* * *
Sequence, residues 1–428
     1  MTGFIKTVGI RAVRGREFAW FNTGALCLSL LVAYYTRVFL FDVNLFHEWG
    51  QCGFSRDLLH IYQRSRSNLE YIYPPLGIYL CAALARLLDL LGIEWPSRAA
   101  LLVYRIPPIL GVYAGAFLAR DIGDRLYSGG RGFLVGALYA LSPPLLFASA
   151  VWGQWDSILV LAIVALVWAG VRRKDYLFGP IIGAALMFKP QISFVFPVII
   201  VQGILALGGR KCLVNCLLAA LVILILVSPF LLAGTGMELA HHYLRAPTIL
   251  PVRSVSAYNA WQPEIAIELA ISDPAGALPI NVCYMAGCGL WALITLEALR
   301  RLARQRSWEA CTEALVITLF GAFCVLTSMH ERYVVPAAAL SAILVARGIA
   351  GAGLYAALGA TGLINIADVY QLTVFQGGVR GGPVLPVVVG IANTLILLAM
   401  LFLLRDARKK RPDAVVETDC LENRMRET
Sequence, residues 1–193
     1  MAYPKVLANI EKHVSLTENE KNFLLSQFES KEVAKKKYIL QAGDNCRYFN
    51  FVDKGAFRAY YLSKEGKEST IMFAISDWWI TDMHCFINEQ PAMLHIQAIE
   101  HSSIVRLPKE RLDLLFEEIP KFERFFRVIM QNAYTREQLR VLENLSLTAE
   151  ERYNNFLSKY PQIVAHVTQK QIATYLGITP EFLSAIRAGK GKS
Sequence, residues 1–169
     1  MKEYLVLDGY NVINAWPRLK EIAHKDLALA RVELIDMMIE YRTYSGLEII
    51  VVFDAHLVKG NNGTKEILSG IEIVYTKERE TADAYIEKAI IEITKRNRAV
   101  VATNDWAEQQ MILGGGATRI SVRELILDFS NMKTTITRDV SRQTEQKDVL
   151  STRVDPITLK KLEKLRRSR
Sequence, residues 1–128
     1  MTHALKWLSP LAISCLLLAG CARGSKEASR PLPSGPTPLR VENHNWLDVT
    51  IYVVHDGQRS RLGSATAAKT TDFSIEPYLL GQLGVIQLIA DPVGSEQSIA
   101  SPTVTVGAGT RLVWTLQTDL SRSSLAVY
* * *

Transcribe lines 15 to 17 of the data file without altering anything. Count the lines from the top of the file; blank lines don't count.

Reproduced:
   151  ERYNNFLSKY PQIVAHVTQK QIATYLGITP EFLSAIRAGK GKS
Sequence, residues 1–169
     1  MKEYLVLDGY NVINAWPRLK EIAHKDLALA RVELIDMMIE YRTYSGLEII